“We are confident that when the remaining vote-by-mail and provisional ballots are counted we will maintain our lead and win this election,” campaign manager Kyle Layman said in a statement to supporters late Thursday.

“Tonight, almost 4,000 additional ballots were counted, and our lead expanded by 122 votes.”

Ruiz had trailed Bono Mack, a Palm Springs Republican, in initial returns Tuesday night. But with each new round of results, Ruiz has gained momentum.

The latest tally for the 36th Congressional race, released Thursday evening, shows the Palm Desert physician has a 4,679-vote lead over the incumbent.

The Riverside County registrar is expected to release more results this evening.

“Our campaign will keep you updated as we receive more information,” Layman told supporters in the email. ”Thank you for making this victory possible.”

Riverside County registrar: Why vote-by-mail ballot counting takes so long

More than 48 hours after polls closed, Riverside County Registrar of Voters has 164,000 ballots — or 24 percent of the vote — left to count.

It was again the last county in the state to report its Election Day results, which by Secretary of State’s measure means counting ballots from each of the precincts.

Riverside County was last of 58 for the third election in a row.

But that doesn’t even include the vote-by-mail, the provisional or the damaged ballots — and that added up to 183,000 ballots in Riverside County that still needed to be counted, even as results listed the misleading “100 percent precincts reporting”

Counting those remaining ballots — the ever-popular vote-by-mail ballot — is trickier than just a vote at a precinct, Registrar Kari Verjil said.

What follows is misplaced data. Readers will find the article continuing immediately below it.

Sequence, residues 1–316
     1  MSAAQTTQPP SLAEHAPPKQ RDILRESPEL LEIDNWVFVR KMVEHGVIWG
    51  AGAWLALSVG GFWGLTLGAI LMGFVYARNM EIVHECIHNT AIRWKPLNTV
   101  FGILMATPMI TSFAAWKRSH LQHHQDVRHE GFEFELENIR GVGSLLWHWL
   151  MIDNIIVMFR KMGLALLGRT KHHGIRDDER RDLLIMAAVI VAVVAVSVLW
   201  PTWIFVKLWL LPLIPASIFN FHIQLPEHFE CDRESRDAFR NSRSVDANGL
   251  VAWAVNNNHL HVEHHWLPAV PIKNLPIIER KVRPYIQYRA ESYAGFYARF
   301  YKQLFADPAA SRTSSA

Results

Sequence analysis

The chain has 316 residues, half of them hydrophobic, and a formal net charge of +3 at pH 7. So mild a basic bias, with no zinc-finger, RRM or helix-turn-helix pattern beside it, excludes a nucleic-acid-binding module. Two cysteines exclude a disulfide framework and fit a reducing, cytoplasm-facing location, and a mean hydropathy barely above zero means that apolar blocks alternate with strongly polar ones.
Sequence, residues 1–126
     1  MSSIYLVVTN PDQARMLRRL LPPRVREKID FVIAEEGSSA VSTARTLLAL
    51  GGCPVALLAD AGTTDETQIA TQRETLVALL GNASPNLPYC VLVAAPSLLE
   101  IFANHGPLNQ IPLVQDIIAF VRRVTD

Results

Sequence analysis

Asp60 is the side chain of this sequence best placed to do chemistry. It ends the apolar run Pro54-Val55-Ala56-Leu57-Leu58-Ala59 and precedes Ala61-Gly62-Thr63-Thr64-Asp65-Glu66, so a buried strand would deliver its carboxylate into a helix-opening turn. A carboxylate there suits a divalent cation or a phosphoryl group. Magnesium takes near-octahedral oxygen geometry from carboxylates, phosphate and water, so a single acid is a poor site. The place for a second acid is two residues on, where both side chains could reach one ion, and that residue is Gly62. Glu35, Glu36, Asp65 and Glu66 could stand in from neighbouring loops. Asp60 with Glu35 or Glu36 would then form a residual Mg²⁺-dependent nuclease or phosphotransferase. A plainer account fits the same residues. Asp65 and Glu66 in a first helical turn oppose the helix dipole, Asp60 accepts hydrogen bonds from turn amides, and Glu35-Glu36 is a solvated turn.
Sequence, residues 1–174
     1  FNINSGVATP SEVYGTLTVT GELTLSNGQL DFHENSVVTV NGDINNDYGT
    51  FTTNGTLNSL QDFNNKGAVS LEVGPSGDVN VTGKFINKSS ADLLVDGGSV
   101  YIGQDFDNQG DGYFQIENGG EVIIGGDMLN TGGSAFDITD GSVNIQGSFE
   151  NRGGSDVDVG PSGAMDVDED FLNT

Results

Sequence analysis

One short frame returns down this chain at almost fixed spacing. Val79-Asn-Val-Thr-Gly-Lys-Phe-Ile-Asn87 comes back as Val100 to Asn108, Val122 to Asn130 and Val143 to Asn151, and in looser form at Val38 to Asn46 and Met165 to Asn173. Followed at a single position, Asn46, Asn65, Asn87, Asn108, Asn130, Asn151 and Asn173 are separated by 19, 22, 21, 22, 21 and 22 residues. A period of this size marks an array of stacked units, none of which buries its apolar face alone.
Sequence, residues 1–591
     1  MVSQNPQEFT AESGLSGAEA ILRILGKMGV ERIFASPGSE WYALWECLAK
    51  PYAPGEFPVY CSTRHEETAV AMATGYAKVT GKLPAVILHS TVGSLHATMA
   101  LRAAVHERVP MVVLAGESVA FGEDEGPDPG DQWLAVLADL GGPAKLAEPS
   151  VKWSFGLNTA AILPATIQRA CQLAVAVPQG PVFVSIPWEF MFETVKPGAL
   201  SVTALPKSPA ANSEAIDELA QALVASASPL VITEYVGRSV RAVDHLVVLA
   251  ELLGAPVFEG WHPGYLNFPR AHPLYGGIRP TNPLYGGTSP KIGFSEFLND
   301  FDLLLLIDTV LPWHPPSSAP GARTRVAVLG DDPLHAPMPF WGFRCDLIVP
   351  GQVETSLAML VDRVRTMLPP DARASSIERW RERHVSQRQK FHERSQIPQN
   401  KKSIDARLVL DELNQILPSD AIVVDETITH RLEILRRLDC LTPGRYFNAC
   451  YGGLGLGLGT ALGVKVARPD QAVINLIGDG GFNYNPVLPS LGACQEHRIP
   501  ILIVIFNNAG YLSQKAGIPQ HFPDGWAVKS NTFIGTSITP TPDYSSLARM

“It sounds like, ‘Why can’t you just rip open the ballot and count it?’ There’s a little more work that has to be done before we can do that,” she said.

First, the vote-by-mail ballots are sorted by their precincts. That started Wednesday.

Then the envelope goes into a machine to scan the signature on the back. That signature appears on a screen next to an image of that voter’s voter registration card.

A poll worker checks the two pictures to make sure the signatures match.

“It goes pretty fast once we get the images scanned,” Verjil said.

Then the ballot envelopes are sliced open, and a machine puffs air inside. A poll worker pulls the ballot out, unfolds it and checks to make sure it’s not damaged and that the voter followed instructions (i.e. drew lines, not circling their choices).

The final step? Actually counting the vote, which means running it through a ballot scanner.

“It’s a big production. There’s a lot of manual work that goes into it,” Verjil said.

About 50 poll workers spent Thursday working to verify signatures, then sending the next batch of ballots through the scanners, Verjil said.

It could take until Dec. 4 — the state-mandated deadline — to certify the final results.

Tuesday’s election by the numbers

The Secretary of State today released a handful of statistics that give voters a preview of Tuesday’s election by the numbers.

There are:

18,245,970 Californians registered to vote;

24,491 voting precincts statewide;